The dangers of designing anything by committee are well known, but the group came up with a really solid brief that would be the foundation. for the game. Week 2 was when most of the hard design work began, and I want to particularly thank Drew Richards, Chris Backe, and Matt Wilson who together turned the game from just an idea to some beautiful prototypes, some cool mechanics ideas, and some interesting playtest sessions.

What did we learn?

It’s dangerous to go alone. As a community design it might be obvious that success depends on the input from others, but where the game really took huge leaps forward was when the concept grabbed a few people who invested more time and work into it. More than that, as a designer having other enthusiastic people around can keep your own momentum going. Towards the middle of the second week I knew we had a flawed prototype but no impetus to start refining it – a push from the team to get some playtests done kept things moving where it would have stalled (and possible never been looked at again) had I been going it alone.

Briefs and Prototypes are easy. Too easy. Creating the brief was surprisingly simple, and through a series of polls we had a pretty clear theme and gameplay direction. I expect the first prototype(s) to be broken and unplayable. What I didn’t expect was that out of those first playtests we would come up with ideas for potentially 5+ different approaches for the game, which means designing and playtesting 5+ more things, before settling (or finding 5+ more…). The exponential growth of possibilities from prototype playtests really showed how much work is required in the prototype stages.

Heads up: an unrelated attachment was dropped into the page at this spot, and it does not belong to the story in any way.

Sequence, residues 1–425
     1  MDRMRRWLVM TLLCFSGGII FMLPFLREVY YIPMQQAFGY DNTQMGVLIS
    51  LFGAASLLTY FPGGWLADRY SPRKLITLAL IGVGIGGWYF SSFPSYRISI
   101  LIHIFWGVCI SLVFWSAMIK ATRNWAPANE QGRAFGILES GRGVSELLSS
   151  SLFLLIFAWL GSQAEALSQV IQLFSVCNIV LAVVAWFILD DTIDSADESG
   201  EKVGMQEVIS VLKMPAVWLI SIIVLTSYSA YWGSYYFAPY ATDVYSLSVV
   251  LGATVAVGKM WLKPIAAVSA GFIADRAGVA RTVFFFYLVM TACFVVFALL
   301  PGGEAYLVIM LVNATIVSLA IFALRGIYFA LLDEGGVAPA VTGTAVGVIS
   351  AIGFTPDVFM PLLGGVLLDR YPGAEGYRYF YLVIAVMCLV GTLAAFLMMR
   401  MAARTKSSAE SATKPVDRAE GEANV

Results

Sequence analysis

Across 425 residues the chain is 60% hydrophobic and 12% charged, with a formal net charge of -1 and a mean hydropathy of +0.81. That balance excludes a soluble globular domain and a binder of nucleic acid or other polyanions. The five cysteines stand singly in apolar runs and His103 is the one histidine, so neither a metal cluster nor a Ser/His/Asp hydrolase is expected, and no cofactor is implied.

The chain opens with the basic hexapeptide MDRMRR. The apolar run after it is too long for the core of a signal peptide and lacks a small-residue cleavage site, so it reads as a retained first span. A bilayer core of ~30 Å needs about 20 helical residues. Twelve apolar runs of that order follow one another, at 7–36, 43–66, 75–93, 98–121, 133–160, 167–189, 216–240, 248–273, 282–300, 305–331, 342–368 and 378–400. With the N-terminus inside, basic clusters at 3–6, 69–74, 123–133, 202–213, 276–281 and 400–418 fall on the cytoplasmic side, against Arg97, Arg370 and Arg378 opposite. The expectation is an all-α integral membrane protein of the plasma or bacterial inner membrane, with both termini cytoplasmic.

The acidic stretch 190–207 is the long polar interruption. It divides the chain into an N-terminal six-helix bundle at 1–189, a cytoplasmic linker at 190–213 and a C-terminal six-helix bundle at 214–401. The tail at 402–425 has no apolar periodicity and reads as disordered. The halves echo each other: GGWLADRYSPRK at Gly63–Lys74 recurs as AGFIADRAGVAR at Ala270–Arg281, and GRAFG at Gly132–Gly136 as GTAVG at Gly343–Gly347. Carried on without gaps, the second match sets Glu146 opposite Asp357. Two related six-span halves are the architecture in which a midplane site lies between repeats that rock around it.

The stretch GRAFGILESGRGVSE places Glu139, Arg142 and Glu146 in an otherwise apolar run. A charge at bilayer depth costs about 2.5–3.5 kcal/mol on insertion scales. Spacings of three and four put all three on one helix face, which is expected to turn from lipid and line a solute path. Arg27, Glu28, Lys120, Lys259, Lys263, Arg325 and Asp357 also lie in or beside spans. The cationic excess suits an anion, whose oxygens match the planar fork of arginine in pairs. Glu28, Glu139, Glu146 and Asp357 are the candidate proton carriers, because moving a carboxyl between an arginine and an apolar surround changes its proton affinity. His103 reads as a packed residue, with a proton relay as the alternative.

Engage by giving people control. Engagement during the Facebook polls was very high, with dozens of people voting and submitting ideas. It was also a good way to gauge popularity for ideas. Once we had the brief nailed down and there were no simple poll questions to ask it was much harder to get community engagement, but thankfully a few members really got inspired by the challenge. This makes sense – everyone is busy with their own designs, and a click on a poll is a low investment, whereas investing time in designing and playtesting an idea takes significant effort. In this however is a great lesson for an oft cited concern – this is why no one is going to steal your game idea.


Creating a game in two-weeks was simultaneously very easy and very hard. Coming up with a solid theme, some mechanics, and ultimately a brief was simple to do. Creating a first prototype was also very simple, made easier by limiting the game to a two-player micro game.

However, the next step after the prototype wasn’t just to tune and tweak a few things, but to brainstorm ideas and nail down what the game would look like. This is where the potential for the game really exploded and whilst we do have a game we are still honing in on the game.